Wider hashes: The college game's wider hash marks can open the field more. It gives offenses a wider berth with which to work in some cases, which can lead to more entertaining play calls and just play in general. Plus, the wider angles justifies and offsets the bigger uprights compared to the NFL. Chip shot field goals aren't as much as a given thanks to sharper lines.

There are numerous other rule disparities, but these are some of the biggest. However, what really sets the game apart are the "intangibles."

There is the much ballyhooed pomp and circumstance surround the schools. Full of long-standing traditions that connect the generations, the college game has that much greater of an attachment with such rituals. From The Most Exciting 25 Seconds of College Football to Toomer's Corner and from running through the smoke to the Sooner Schooner. Or there's Hail to the Victors after every touchdown, Fight on! following big plays or Script Ohio pregame. The list goes on and on.

What does the NFL have? The Terrible Towel, cheesehead and Hail to the Redskins? No comparison. Half of those videos above should give you chills.

There's a connection everywhere to colleges. There are only seven states that don't have D-I teams while all the rest have teams at lower levels. No matter where you are, there's a school that is representing you. That's a connection not everybody can share with the pros.

Then there's the variety of college. Because of the inferiority of rosters as a whole, offenses are much more varied and unique. There are so many styles to watch. From the triple option to the spread option and everything in between, it isn't a follow the leader game like the NFL tends to be. It makese sense why the NFL is largely uniform in offensive style, because it's the best way to beat skilled personnel, but that doesn't diminish the plethora of looks college presents.

Lastly, how can you top a college football Saturday? Sure, with the advent of NFL Sunday Ticket, fans anywhere can watch their favorite NFL team play, but you're also playing for it. For the most part, your local area will get one, maybe two games at a time. On Saturday, however, you have a veritable smorgasbord to choose from at any time. It is a regular occurence in my house to have three or four games on at a time utilizing two televsions and two computers in one room. Let's see: a helping of 12 or 13 games on a Sunday or that many by the 3:30 kickoff spot on Saturday? (That's rhetorical in case you couldn't tell.)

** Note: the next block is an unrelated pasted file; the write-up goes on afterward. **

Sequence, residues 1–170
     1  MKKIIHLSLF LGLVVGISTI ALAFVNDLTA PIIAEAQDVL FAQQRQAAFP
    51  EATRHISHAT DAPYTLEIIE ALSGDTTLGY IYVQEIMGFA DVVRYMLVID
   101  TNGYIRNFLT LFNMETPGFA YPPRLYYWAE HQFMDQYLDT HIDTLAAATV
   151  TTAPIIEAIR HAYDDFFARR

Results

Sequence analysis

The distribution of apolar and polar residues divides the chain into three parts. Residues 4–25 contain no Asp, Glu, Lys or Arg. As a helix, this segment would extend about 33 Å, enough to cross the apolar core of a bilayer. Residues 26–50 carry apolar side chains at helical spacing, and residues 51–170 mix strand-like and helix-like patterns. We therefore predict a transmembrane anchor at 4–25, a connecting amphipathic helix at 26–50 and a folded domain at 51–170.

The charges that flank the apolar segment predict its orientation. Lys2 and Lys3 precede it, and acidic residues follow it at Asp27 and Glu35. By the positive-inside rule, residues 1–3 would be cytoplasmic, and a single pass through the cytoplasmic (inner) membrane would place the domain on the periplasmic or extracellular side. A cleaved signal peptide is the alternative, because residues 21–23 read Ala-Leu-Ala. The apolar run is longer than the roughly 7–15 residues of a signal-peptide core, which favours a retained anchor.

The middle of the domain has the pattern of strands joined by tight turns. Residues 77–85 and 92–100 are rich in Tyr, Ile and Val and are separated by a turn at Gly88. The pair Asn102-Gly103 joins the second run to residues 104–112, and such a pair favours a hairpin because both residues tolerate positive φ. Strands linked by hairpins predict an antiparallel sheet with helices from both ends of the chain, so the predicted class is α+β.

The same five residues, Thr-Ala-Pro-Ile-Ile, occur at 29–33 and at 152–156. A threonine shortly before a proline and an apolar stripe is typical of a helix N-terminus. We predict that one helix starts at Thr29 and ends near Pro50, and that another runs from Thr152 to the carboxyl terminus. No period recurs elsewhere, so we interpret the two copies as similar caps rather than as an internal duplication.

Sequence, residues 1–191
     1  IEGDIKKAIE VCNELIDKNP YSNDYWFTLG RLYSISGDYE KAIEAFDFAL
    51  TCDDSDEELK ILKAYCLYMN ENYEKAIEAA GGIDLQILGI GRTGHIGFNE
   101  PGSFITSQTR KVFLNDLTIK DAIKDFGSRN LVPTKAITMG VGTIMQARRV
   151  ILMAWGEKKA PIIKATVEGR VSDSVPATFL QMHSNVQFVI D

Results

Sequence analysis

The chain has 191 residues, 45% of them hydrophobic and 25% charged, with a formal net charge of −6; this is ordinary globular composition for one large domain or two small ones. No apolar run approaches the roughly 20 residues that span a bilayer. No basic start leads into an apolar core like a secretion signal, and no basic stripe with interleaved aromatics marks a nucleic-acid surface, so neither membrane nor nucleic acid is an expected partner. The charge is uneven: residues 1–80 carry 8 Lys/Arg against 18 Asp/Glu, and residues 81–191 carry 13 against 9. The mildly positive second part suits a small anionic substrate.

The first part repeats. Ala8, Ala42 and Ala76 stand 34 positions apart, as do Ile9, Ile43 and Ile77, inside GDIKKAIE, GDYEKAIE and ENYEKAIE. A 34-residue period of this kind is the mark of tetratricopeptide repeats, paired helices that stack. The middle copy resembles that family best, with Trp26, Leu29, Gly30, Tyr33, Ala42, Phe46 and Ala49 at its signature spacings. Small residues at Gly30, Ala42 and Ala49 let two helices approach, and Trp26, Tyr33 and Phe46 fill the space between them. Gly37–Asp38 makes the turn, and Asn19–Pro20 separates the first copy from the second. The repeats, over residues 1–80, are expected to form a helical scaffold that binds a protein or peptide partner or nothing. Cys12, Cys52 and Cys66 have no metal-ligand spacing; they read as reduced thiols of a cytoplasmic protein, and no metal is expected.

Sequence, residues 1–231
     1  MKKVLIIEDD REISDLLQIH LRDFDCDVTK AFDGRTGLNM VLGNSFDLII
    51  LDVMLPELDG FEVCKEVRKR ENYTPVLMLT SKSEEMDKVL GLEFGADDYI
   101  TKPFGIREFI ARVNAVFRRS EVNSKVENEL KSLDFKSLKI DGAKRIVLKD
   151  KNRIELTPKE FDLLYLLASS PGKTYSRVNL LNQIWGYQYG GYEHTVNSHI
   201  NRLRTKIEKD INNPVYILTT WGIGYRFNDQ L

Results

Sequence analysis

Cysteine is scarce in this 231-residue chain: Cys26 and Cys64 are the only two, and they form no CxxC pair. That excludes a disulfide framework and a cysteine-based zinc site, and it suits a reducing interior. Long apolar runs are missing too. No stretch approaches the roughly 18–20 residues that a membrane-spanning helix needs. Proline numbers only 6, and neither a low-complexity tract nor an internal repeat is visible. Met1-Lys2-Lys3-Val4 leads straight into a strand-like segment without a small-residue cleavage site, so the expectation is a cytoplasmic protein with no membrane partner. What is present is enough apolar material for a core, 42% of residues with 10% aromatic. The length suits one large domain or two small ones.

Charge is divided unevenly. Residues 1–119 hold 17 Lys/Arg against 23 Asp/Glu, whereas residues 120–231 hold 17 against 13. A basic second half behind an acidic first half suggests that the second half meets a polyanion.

I don't try to pretend I'm not a fan. I am. I love my alma mater (University of Miami) unabashedly. Quite frankly, there is no way to grow an undying love for the sport without being immersed as a fan. For that I will never apologize. Because I root for my alma mater does not mean I can't look at it harshly. In fact, it's easier to. More often than not, the harshest critics come from within. All that my connection to my school means is that I know it better than the rest. That's it.

Oh, and how can I forget the best thing of all about college compared to the NFL? The words "labor" and "stoppage" aren't in the vocabulary.

Category: NCAAF
Posted on: December 2, 2010 4:19 am

The U is back ... to being attractive, at least

Four years ago, Miami couldn't buy a coach. Figuratively and literally.

Miami was turned down at every turn, from former 'Canes coaches like Greg Schiano to alums like Mark Richt. Eventually they had to go to the man they knew wouldn't say no: life-long Hurricane Randy Shannon.

Four years later, things have a much different feel. The U might not be back, but the appeal seems like it is.

Miami so far was, from all indications, throwing bookoo bucks at the hottest coaching candidate in the game ... NFL or college. Although the 'Canes were pretty much rebuked by Jon Gruden, it signaled an important and meaningful change. First of all, it shows Miami is serious about getting a top-notch coach. Secondly, it helps to ease an old concern for coaches about the job: they have money to pay and are willing to spend it.